The sun unzipped the clouds. Mist blew across the harbor.
The old boilers of the steam plant have been mostly gutted to remove loose asbestos.
Tunnels interconnected all of the complex, carrying power, steam, laundry and food throughout the hospital. This is a typical causeway that would have been very busy when the hospital was operating. In some places, signs still point to defunct areas of the hospital.
A late look at the brewhouse, long after the stainless steel tanks were scrapped.
A typical narrow hallway at Birtle.
Redlining is the practice of shutting certain races out of neighborhoods, and it is still a big problem today. Such behaviors were a big factor in creating the need for these projects.
On the left, the formula for the sintering mix was written (“mischungszusammenselzung”) to keep track of the jobs.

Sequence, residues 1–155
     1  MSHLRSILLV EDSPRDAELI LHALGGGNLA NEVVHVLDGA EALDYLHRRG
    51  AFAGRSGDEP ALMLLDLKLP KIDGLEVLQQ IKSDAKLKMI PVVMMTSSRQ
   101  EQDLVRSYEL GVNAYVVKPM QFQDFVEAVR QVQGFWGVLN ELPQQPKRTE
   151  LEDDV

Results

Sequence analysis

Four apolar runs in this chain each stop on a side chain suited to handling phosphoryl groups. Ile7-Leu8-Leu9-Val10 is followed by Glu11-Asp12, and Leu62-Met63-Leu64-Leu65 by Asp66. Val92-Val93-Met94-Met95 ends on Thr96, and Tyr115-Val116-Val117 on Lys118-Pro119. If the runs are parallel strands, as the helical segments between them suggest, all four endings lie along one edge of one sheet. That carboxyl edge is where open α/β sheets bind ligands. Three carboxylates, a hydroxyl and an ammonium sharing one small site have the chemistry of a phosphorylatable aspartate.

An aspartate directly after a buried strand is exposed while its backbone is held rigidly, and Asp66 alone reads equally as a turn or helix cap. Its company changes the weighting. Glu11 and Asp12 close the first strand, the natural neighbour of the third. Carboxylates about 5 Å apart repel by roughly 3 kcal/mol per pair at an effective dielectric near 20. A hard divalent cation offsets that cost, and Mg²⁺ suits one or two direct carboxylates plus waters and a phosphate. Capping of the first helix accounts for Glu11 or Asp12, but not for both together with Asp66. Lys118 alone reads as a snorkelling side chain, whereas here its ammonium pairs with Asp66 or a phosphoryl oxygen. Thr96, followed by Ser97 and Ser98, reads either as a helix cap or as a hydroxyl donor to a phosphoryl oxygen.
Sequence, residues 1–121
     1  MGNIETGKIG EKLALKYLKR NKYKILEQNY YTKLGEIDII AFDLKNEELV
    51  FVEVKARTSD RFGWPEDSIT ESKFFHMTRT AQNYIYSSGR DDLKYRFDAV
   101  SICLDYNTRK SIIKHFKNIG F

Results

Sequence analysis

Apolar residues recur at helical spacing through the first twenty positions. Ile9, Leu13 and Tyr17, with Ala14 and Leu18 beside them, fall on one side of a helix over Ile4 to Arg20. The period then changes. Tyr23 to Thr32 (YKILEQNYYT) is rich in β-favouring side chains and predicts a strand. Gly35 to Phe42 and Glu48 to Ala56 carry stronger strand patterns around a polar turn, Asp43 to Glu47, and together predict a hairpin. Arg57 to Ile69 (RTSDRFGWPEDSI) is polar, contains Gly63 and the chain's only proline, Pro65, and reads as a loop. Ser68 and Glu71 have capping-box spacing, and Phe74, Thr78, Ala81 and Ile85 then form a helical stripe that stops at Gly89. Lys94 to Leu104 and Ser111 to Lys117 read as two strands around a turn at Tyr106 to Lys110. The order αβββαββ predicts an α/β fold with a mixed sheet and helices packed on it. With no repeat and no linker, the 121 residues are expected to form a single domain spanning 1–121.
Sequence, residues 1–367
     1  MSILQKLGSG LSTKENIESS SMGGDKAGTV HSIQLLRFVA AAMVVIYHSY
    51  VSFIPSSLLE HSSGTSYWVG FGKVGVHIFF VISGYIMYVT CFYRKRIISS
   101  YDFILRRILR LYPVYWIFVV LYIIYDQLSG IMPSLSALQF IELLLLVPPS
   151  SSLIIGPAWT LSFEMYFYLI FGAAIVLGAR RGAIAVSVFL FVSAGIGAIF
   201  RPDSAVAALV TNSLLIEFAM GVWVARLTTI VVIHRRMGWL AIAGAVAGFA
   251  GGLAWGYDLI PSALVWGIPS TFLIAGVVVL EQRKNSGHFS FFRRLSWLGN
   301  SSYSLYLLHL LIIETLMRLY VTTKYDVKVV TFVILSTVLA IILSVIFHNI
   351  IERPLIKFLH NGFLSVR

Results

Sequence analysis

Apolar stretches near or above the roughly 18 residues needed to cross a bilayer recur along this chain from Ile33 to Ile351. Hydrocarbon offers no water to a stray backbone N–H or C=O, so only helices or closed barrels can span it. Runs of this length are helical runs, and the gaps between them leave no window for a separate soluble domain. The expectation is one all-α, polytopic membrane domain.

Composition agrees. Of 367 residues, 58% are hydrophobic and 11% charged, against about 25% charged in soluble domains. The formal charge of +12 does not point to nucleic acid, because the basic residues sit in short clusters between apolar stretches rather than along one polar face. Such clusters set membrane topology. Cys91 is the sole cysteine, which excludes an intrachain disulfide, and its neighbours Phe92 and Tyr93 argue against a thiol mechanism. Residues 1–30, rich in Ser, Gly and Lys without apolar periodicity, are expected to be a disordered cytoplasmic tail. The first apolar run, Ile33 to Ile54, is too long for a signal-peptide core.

This ornamental stair is cast iron and used to connect all floors of the Administration building. Now it connects the first and second floor, then the third and fourth floors, with a strange cinder block and drywall barrier separating the new and old sections of the building. Note the insulation on the floor to seal heat into the lower floors that were used as offices until the hospital closed. On the corners of the staircase are lions, on the corners of the suspended section of stair are down-hanging pineapples. Set in the stairs themselves are shield motifs with slate tops.
You can almost make out the concrete chute through the open window. Kodak Portra 160/Mamiya 6.